There's also arguably a limit to how many popular live service games the market can sustain, especially for titles aiming at a large audience. Players only have so much time, and are therefore likely to commit to one or perhaps a handful of titles, which may also be dictated by which games their friends are playing.

Bala agrees with this, although suggests it also runs deeper: "Most markets have this sort of a mass audience product that can engage lots of people but at a low price, and then a lot of niche products that serve subsets of customers extremely well.

"In the live service context, you have Fortnite on one side where the ARPUs are actually quite low relative to other titles but they just have an enormous playerbase. And then you have games like Warframe or Runecraft that are considerably smaller, but with a very loyal userbase because they serve their interests extremely well and have higher ARPUs.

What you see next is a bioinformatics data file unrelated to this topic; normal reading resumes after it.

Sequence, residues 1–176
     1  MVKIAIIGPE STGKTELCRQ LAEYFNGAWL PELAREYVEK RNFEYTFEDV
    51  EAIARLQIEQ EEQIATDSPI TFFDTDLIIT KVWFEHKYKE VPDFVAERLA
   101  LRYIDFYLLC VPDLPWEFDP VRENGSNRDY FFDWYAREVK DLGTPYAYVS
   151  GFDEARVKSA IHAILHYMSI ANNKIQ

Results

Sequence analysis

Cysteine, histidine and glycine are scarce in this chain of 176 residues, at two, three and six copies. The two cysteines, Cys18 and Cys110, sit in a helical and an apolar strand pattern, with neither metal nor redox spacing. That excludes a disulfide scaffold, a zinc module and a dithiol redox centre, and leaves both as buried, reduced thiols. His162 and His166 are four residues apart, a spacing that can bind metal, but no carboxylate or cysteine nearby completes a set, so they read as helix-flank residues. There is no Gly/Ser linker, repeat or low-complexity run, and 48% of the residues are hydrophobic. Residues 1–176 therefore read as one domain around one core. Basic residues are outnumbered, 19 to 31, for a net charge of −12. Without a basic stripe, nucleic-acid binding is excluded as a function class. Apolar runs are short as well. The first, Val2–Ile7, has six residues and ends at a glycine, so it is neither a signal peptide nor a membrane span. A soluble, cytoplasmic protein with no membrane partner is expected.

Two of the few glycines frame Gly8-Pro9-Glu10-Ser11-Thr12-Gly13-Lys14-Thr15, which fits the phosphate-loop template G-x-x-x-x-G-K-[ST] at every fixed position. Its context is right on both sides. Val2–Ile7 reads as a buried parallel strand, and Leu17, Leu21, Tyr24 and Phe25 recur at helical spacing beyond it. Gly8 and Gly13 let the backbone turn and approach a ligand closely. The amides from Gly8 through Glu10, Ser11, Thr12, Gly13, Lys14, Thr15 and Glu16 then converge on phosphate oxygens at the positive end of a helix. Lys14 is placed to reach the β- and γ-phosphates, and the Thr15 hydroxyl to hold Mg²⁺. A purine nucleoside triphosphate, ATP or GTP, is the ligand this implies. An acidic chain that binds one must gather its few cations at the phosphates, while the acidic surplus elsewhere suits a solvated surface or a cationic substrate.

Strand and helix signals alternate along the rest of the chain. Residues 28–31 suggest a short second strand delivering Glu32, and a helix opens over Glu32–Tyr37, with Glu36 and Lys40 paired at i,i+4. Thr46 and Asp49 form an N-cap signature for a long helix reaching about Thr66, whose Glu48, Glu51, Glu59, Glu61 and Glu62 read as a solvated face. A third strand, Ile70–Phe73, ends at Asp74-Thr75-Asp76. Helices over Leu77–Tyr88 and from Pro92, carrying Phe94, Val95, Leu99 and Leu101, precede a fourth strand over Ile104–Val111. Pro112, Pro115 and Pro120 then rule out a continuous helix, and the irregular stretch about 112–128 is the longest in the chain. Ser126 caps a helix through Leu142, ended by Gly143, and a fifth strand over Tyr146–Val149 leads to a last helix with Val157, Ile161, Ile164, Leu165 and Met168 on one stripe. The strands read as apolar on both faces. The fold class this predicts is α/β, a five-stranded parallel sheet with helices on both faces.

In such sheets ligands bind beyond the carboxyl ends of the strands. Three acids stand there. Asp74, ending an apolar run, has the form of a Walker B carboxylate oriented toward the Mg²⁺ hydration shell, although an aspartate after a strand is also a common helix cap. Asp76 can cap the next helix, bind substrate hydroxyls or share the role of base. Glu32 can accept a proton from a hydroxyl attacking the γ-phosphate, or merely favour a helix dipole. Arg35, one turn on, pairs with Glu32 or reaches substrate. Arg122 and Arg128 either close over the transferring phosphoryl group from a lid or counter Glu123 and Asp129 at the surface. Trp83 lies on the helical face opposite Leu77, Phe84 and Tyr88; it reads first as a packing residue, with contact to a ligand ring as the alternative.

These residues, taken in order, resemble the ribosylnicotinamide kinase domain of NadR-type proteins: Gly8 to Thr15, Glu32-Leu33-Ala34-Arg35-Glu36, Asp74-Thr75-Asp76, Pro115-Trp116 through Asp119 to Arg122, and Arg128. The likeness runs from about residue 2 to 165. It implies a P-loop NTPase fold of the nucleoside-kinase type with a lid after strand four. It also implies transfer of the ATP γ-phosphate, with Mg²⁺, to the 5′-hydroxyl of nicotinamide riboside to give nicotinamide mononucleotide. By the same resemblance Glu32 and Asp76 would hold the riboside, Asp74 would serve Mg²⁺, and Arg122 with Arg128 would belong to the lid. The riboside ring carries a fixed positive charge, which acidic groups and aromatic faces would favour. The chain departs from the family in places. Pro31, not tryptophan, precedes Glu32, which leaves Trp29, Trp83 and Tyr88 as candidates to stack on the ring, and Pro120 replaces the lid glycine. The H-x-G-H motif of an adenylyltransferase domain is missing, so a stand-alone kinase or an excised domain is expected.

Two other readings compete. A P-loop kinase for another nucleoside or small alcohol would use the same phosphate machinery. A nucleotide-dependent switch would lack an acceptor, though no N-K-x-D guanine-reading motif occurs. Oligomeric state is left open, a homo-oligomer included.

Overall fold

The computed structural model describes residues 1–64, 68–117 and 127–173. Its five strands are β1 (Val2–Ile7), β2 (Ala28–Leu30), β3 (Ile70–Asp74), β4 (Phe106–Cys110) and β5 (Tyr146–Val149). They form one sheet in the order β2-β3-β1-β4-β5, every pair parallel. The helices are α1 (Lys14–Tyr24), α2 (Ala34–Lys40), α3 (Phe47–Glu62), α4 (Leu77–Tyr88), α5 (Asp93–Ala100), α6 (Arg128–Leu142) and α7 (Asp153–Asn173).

"Both have room but the [games] in the middle really belong to neither and can't survive. They can't be caught in the middle saying, 'Well, I'm neither big enough to satisfy the big need, nor am I deep enough or specialized enough to solve the niche need'. And the two pursue very different monetisation strategies and sustainability strategies. So you either have to be among the top two or three huge ones, or a focused product for niche audiences.

"And what I'm saying is nothing really novel. This is like a classic Michael Porter competitive strategy from 1980, that kind of thing. You can have a focused strategy as a company serving a niche or you can have a differentiated strategy but for everybody."

This can be done within a single title. Bala points to FIFA as a prime example; the premium game appeals to the broad market and, as he puts it, "really bankrolls the basic game development" to help sustain the franchise. But then FIFA Ultimate Team serves a smaller audience, and serves it well, monetising highly as a result.